Nevertheless, many families will welcome the end to restrictions. Family planning policies have had terrible consequences, including forced abortions and sterilizations and children without a legal existence being cut off from public services. Before changes to the policy in the 2010s, parents who had two children lost jobs and faced harsh fines. But the two-child policy also ushered in a shift toward pregnancy discrimination and pressure for working mothers to quit their jobs. Unmarried mothers remain the target of official discrimination. China’s new natalist ambitions will likely result in new limitations on abortion, as well as other pressures on women.

So why keep a limit on the number of children a couple can have at all? One reason is to provide cover for the ongoing forced sterilization of the Uyghur minority in Xinjiang, whose birthrate fell by nearly 50 percent between 2017 and 2020. Another is that China now has an enormous family planning bureaucracy that supports many jobs. Party leaders may also be concerned that the rich flaunting large families—such as late Macao casino tycoon Stanley Ho, known for his four wives and 17 children—would spark resentment.


What We’re Following

Xi rebrands Chinese diplomacy? Some Western commentators are reading a recent speech by President Xi Jinping as a pivot away from so-called wolf warrior diplomacy—the aggressive online stance by China’s representatives—toward a more conciliatory model. Top leadership has attempted to rein in diplomatic comments that invite blowback for some time. But Xi’s speech, largely a string of standard cliches about the “public opinion struggle,” doesn’t read to me as a change of tone but rather as a doubling down on keeping global discourse on Beijing’s terms.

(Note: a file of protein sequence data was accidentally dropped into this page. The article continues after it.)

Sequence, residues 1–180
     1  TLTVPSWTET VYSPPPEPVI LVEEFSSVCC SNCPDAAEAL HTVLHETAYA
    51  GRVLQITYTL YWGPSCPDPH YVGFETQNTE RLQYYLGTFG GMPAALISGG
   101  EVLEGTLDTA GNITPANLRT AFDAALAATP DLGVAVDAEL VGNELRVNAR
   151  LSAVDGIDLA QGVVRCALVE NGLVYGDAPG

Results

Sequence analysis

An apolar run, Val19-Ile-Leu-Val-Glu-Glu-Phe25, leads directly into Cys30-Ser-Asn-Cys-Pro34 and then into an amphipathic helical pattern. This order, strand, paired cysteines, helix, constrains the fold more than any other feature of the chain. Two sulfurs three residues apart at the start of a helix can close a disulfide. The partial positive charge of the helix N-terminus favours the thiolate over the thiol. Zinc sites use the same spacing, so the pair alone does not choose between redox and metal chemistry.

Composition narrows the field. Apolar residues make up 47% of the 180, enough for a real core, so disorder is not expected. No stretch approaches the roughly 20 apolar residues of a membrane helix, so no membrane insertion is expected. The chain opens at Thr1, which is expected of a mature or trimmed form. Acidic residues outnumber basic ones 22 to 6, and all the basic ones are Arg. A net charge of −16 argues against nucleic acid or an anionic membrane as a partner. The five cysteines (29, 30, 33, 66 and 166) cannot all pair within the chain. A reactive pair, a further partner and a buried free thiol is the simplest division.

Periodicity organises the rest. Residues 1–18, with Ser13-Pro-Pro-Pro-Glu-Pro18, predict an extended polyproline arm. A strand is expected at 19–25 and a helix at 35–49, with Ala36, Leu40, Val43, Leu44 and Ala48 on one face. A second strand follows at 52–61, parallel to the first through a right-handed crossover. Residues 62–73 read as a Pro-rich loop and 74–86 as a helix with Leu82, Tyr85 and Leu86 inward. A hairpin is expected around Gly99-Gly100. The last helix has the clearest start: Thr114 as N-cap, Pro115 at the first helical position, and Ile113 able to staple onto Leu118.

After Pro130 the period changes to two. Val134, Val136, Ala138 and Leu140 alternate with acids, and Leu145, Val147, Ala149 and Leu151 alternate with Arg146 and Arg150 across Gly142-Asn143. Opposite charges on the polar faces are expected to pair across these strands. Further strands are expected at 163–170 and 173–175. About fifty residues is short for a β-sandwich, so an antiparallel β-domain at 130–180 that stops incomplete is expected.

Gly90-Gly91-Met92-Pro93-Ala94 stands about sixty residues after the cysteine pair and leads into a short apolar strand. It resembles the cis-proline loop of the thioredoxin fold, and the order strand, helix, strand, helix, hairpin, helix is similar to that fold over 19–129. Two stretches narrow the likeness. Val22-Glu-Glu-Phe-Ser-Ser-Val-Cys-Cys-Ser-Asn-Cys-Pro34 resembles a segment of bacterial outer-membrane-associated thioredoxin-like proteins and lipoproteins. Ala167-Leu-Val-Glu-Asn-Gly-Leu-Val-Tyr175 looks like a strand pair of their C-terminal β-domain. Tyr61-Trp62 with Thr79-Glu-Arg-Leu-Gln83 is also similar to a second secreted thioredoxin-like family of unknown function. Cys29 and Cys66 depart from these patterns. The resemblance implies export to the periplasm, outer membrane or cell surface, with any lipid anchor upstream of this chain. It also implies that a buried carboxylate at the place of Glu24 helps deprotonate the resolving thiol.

Any attempt to soften China’s image may be undercut by the country’s own actions, such as its recent incursion into Malaysian airspace, which prompted an unusually strong response from Kuala Lumpur. The purpose of the maneuver, other than asserting Beijing’s sweeping South China Sea claims, is unclear. Malaysia has somewhat cooled on China since the 1MDB scandal and the 2018 elections, but the countries have no serious military or territorial disputes. Chinese maritime incursions have prompted neighboring Indonesia to triple the size of its submarine fleet.

Read a tight analysis of Xi’s speech from David Bandurski at the China Media Project.

Tiananmen vigil extinguished in Hong Kong. The authorities have effectively declared Hong Kong’s Tiananmen massacre commemorations, held every June 4 since 1990, illegal for the second year in a row. The move falls under the cover of pandemic laws against public gatherings, but the crackdown is clearly politically motivated. The city’s June 4th Museum has also been forced to close for a licensing investigation.